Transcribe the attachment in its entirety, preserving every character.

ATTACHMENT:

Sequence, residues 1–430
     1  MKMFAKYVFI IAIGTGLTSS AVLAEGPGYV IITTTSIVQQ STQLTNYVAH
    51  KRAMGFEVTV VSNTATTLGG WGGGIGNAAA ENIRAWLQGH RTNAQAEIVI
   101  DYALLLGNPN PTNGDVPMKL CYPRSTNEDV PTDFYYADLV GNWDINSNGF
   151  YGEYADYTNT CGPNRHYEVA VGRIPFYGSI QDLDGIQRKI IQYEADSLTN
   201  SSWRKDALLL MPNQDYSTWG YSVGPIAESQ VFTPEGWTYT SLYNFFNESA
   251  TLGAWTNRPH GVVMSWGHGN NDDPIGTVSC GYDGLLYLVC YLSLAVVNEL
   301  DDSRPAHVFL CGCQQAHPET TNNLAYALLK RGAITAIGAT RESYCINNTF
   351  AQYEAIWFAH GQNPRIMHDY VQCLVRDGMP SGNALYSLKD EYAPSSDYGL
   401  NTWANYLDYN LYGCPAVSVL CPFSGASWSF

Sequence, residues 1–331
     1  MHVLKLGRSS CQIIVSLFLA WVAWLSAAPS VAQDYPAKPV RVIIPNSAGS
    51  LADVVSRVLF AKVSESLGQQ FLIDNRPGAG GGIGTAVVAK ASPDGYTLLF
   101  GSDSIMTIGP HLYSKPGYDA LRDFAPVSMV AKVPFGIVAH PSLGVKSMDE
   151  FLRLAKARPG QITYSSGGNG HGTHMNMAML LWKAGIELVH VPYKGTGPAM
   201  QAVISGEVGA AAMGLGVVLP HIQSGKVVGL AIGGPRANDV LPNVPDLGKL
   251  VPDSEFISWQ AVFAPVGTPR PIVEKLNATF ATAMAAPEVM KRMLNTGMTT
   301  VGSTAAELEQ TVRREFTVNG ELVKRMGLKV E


Sequence, residues 1–430
     1  MKMFAKYVFI IAIGTGLTSS AVLAEGPGYV IITTTSIVQQ STQLTNYVAH
    51  KRAMGFEVTV VSNTATTLGG WGGGIGNAAA ENIRAWLQGH RTNAQAEIVI
   101  DYALLLGNPN PTNGDVPMKL CYPRSTNEDV PTDFYYADLV GNWDINSNGF
   151  YGEYADYTNT CGPNRHYEVA VGRIPFYGSI QDLDGIQRKI IQYEADSLTN
   201  SSWRKDALLL MPNQDYSTWG YSVGPIAESQ VFTPEGWTYT SLYNFFNESA
   251  TLGAWTNRPH GVVMSWGHGN NDDPIGTVSC GYDGLLYLVC YLSLAVVNEL
   301  DDSRPAHVFL CGCQQAHPET TNNLAYALLK RGAITAIGAT RESYCINNTF
   351  AQYEAIWFAH GQNPRIMHDY VQCLVRDGMP SGNALYSLKD EYAPSSDYGL
   401  NTWANYLDYN LYGCPAVSVL CPFSGASWSF

Sequence, residues 1–331
     1  MHVLKLGRSS CQIIVSLFLA WVAWLSAAPS VAQDYPAKPV RVIIPNSAGS
    51  LADVVSRVLF AKVSESLGQQ FLIDNRPGAG GGIGTAVVAK ASPDGYTLLF
   101  GSDSIMTIGP HLYSKPGYDA LRDFAPVSMV AKVPFGIVAH PSLGVKSMDE
   151  FLRLAKARPG QITYSSGGNG HGTHMNMAML LWKAGIELVH VPYKGTGPAM
   201  QAVISGEVGA AAMGLGVVLP HIQSGKVVGL AIGGPRANDV LPNVPDLGKL
   251  VPDSEFISWQ AVFAPVGTPR PIVEKLNATF ATAMAAPEVM KRMLNTGMTT
   301  VGSTAAELEQ TVRREFTVNG ELVKRMGLKV E